Maybe you just need to talk to someone about your problems. That being said, there are some tips which can help people feel a little better in the short term, or even better for a long time if you are down or have a condition which doesn’t usually require medication. First let’s look at SAD.



Light Therapy


If you think you have SAD or Seasonal Affective Disorder, read the classic book Winter Blues by Dr. Norman E. Rosenthal for helpful information that defines the illness and offers solutions. When I lived in Michigan in the winter, I used full spectrum light bulbs. Light therapy gives me more energy.  It really makes a difference for me.  Just remember if you have a sunny fall or winter day, put on sunscreen and sunglasses and go outside for a little “sun therapy”.  It can make a difference in your mood and energy.



Winter Blues, S.A.D. by Dr. Norman Rosenthal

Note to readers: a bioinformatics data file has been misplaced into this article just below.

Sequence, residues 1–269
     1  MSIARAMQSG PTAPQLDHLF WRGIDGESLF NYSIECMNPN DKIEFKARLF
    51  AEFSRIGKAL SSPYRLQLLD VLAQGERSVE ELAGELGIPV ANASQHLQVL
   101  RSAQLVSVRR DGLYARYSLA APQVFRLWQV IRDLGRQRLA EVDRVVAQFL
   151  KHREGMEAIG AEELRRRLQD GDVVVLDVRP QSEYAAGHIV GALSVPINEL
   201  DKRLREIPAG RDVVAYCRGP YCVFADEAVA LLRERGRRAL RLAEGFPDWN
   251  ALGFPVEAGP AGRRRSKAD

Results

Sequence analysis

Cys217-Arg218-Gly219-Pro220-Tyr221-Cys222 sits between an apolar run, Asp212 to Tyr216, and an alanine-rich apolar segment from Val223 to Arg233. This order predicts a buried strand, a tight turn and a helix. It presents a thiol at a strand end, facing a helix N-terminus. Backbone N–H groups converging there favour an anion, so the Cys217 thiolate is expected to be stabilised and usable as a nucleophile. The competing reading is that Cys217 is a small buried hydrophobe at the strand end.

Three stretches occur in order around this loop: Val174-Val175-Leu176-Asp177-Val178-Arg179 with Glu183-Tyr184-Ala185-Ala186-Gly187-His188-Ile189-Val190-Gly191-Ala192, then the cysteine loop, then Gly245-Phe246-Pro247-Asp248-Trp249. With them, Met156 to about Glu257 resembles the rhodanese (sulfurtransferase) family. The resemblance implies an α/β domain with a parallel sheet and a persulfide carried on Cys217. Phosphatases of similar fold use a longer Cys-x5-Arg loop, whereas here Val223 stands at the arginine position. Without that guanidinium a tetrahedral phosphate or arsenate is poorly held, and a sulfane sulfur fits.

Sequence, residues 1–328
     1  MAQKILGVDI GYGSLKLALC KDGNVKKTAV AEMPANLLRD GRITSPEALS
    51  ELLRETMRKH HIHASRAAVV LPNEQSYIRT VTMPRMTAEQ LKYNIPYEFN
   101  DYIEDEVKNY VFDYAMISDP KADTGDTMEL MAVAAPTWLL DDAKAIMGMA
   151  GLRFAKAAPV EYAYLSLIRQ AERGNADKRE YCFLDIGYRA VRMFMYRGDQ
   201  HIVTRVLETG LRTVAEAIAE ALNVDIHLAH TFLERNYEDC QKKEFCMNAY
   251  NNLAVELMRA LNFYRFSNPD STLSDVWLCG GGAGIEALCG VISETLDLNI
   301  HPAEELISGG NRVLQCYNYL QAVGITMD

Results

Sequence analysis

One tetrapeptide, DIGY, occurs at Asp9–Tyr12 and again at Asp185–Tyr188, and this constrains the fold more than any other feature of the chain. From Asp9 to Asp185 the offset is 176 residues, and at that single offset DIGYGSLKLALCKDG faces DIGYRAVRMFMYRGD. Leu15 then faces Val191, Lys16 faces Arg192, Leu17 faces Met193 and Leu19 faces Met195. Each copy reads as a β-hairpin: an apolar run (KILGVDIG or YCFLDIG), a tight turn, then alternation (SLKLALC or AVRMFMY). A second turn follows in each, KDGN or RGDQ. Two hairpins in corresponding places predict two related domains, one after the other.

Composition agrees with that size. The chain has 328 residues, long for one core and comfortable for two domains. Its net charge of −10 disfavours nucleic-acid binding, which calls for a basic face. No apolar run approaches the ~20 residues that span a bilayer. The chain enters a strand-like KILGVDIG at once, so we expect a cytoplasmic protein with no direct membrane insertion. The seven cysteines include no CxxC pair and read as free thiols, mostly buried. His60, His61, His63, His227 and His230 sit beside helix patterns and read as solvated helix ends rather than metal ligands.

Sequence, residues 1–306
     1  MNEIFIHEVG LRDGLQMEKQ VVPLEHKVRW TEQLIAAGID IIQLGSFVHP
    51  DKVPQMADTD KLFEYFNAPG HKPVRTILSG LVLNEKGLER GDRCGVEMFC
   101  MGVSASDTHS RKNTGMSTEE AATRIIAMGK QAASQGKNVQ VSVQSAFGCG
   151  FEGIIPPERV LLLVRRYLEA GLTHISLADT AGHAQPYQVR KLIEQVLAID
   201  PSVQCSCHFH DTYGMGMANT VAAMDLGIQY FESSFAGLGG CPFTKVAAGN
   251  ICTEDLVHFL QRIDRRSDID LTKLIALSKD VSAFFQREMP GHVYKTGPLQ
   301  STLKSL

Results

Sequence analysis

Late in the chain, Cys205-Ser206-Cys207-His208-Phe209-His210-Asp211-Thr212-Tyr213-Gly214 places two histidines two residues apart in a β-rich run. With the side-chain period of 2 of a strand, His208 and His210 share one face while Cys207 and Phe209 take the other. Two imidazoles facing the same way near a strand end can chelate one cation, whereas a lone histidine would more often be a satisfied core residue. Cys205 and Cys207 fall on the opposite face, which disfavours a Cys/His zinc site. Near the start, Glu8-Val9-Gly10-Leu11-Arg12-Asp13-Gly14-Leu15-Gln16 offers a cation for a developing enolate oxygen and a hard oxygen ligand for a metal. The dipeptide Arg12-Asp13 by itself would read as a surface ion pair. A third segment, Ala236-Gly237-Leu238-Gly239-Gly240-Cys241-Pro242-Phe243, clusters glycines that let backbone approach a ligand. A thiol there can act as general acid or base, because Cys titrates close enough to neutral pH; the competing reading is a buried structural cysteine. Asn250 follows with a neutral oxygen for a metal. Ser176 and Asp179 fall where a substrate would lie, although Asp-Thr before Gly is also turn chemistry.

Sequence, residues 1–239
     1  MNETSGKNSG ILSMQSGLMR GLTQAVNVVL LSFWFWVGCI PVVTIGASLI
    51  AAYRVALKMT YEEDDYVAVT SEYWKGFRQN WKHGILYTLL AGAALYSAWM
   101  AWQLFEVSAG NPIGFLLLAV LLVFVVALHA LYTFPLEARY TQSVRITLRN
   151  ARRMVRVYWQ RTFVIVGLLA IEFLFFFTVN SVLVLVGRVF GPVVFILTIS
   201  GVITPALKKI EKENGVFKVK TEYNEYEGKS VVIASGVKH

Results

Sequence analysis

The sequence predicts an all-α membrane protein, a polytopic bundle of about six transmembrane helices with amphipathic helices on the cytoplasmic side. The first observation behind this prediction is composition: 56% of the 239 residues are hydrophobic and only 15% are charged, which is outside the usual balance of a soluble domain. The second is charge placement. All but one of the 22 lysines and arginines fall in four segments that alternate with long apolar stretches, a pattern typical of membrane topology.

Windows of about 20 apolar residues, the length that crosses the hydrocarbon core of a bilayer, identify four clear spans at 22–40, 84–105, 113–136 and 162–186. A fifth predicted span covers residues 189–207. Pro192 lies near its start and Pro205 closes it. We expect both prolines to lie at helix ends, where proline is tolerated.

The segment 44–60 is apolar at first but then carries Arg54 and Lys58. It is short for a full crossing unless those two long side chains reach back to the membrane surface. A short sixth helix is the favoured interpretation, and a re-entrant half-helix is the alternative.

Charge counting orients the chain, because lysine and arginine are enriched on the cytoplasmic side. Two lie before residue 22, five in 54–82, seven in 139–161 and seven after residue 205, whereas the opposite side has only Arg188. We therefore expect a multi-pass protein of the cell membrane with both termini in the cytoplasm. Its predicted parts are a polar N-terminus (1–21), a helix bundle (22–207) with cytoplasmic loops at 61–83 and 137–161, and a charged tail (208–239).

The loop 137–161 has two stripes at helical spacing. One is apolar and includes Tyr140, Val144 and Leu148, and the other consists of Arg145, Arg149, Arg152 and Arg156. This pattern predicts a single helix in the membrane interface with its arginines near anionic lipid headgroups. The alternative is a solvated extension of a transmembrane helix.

Diagnose The Condition Right Away


It’s hard. No one knows how you feel apart from you, not really. But on the flip side, you likely aren’t going to be a medical professional, meaning you can’t properly diagnose your problem. If you’re constantly worrying about things you know you shouldn’t be worried about, or afraid of social situations then it might be anxiety. If you’re up and down, one moment on a complete high and the next really down it could be bipolar. Then  bipolar disorder therapy can help you break free. The big one is depression, but it completely varies in terms of severity, so it’s hard to properly diagnose.  Think about how you feel and your actions. Make notes before you make an appointment, it’ll help the doctor diagnose you properly.